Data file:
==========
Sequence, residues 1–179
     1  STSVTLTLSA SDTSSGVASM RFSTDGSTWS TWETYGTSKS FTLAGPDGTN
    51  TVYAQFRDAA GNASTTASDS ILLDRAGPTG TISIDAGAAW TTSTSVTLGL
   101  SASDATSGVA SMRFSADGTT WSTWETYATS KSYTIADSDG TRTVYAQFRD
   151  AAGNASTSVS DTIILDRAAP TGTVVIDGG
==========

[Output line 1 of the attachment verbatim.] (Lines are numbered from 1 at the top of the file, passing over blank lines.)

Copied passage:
Sequence, residues 1–179